Selena reached for the phone, but Leveille swept it back before her finger could touch it.

“No tricks, cupcake,” he said. “She’ll be fine if you do what I want you to.” He gestured toward the control room. Selena tossed her hair back and stalked toward the central monitor.

“If she gets hurt, I’ll kill you,” Aaron said.

“Easy to say,” Leveille said. “But I doubt you’ll follow through.”

Aaron tried to think of a comeback to that, but before he could, he caught a flash of motion through the window. He glanced toward it and saw Molly, moving quietly along the length of the walkway. She halted as he glanced toward her, frozen in a crouch. Aaron glanced away quickly, hoping Leveille hadn’t noticed.

Luckily, he’d been occupied watching Selena as she plugged into the console and started to work.

Keep him distracted, Aaron thought. What am I supposed to do? Talk about the weather? He cleared his throat. The mercenary glanced back at him, lazily, and Aaron said the first thing that popped into his head.

“Who is Avalon?” he asked.

Leveille raised an eyebrow. “We’re doing this now?”

“Should I wait until you don’t need us anymore?”

“Fair point.” The mercenary leaned against the door frame. “Did you do what I told you to?”

“I looked into it,” Aaron said. “Most of the data’s gone. But I know it was a project in Lartech, forty years ago. I know it was a direct result of the Resson field. I know Matthew Lakefield was involved with it.”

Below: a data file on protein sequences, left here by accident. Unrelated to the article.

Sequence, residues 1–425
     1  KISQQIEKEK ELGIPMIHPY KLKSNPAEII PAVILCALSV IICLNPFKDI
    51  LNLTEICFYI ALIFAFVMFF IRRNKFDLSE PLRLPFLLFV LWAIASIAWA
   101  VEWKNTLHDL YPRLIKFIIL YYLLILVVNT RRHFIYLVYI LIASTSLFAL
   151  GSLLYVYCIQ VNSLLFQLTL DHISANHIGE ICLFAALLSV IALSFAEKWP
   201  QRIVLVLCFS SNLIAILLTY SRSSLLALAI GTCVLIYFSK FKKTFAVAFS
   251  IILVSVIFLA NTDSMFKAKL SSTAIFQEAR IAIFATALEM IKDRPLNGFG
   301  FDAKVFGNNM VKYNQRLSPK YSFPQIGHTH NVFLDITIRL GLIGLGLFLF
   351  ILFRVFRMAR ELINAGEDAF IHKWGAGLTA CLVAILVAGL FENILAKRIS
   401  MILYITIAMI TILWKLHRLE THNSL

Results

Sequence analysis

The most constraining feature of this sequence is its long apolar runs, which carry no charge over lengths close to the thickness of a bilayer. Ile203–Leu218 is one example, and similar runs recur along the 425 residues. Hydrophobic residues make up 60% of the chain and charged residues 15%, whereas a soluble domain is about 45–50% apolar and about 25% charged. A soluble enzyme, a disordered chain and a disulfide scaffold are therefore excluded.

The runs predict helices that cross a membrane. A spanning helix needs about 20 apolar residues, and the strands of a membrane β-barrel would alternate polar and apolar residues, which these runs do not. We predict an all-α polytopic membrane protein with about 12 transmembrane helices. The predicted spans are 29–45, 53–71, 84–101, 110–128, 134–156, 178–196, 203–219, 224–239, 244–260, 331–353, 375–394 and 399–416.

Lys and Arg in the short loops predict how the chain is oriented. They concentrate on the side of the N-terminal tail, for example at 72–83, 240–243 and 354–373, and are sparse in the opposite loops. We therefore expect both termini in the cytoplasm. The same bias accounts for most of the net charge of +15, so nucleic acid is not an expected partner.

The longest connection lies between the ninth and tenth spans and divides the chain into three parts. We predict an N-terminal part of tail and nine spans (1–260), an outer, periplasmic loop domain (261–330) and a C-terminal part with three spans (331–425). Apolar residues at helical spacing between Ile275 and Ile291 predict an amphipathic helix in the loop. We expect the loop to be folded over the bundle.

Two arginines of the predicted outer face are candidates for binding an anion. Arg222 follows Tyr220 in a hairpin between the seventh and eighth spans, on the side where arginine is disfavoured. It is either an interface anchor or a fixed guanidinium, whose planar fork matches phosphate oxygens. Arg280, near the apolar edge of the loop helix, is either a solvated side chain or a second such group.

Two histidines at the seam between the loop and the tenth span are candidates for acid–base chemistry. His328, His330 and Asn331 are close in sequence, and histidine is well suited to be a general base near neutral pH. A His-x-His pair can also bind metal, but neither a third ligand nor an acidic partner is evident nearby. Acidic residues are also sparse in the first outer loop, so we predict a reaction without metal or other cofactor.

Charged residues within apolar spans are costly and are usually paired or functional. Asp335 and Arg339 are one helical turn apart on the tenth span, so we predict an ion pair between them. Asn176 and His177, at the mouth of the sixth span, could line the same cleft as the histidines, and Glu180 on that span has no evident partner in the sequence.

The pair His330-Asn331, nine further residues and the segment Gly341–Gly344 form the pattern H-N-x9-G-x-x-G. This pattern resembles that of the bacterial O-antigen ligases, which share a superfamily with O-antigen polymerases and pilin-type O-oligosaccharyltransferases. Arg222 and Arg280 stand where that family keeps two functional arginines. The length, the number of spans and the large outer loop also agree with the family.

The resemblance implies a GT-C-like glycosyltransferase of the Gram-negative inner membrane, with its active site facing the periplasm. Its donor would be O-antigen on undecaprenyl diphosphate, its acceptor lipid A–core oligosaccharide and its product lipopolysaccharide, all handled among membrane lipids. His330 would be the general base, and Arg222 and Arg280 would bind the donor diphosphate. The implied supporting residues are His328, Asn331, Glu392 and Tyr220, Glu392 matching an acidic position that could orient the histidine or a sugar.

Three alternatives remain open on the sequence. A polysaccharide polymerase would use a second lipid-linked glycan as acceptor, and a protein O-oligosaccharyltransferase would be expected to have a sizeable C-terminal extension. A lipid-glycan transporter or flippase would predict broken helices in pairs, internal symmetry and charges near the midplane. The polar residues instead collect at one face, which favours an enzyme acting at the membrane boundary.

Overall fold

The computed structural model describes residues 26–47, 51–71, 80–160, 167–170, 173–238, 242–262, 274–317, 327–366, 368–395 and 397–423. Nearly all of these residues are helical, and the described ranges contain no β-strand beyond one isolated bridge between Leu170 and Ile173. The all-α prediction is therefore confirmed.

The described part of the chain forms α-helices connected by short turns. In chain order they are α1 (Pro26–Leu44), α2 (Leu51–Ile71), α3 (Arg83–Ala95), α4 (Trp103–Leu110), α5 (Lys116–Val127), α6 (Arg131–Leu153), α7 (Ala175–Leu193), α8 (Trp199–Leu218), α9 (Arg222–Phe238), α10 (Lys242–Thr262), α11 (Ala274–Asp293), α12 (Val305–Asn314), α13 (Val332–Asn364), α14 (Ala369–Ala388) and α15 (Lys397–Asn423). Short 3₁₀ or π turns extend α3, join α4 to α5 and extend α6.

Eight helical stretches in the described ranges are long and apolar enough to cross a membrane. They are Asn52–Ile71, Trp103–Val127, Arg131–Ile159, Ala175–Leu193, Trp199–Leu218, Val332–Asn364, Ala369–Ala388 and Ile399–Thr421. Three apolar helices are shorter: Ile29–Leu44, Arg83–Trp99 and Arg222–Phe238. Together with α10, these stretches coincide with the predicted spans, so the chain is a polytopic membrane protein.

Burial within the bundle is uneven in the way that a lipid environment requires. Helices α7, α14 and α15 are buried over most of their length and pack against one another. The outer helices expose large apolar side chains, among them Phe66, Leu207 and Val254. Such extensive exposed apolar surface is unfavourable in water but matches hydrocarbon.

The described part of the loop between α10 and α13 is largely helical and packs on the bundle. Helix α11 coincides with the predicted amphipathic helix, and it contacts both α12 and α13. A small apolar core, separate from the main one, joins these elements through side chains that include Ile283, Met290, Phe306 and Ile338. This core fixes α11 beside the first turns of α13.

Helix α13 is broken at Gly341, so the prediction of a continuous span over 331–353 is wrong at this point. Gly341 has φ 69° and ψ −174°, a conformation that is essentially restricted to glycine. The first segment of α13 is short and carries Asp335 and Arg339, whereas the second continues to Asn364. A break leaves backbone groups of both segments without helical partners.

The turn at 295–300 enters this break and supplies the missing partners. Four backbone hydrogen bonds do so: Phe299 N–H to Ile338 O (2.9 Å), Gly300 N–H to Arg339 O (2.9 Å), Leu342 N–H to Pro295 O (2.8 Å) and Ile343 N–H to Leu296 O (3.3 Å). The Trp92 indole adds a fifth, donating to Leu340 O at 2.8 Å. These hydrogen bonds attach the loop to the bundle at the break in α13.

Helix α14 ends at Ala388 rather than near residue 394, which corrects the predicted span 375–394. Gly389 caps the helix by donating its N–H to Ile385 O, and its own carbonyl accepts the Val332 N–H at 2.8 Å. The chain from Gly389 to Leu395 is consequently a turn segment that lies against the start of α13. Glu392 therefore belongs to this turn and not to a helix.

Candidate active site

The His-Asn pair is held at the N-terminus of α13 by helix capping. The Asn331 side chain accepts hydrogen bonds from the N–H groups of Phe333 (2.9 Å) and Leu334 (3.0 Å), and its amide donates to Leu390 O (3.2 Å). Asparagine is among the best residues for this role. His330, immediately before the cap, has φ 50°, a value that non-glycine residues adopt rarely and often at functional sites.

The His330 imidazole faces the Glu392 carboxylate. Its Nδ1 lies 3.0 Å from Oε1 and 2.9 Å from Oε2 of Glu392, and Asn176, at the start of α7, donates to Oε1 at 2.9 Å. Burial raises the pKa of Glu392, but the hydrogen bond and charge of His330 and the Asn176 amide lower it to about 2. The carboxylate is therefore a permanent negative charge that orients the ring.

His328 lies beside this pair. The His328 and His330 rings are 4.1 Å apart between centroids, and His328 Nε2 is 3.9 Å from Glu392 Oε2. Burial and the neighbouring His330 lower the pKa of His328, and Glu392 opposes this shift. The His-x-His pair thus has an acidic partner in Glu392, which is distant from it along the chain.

Leveille just watched him, waiting.

“I assumed Avalon was a person,” Aaron added. He wanted to avoid mentioning Evelyn Lakefield, partly because he didn’t want to give too much away, and partially because he was afraid of the answer. Molly would hear everything he said, and he didn’t want her losing focus right now. “But maybe it’s an organization? They gave you powers, somehow. They hired you to sabotage the Resson generator, to keep more people from being affected.”

Again, the mercenary stayed silent, but Aaron had a feeling he was getting close.

“Did the Resson field cause our powers?” Aaron asked.

The question was met with another pause, but at last, the mercenary shrugged. “No,” he said. “Not exactly. But it amplifies them.”

“But you know where they came from,” Aaron said. “Don’t you? You know why we’re like this.”

Leveille took a step toward him, cocking his head. Aaron felt his hands clench into fists.

“How badly do you want to know?” the mercenary asked.

Aaron swallowed against the dry feeling in his throat. “You said if I knew what was going on, I’d be helping you. So convince me.”

“If you want answers, kid, you can have them. But—” a smile twisted his lips. “You have to meet her first.”

“Her? Avalon?”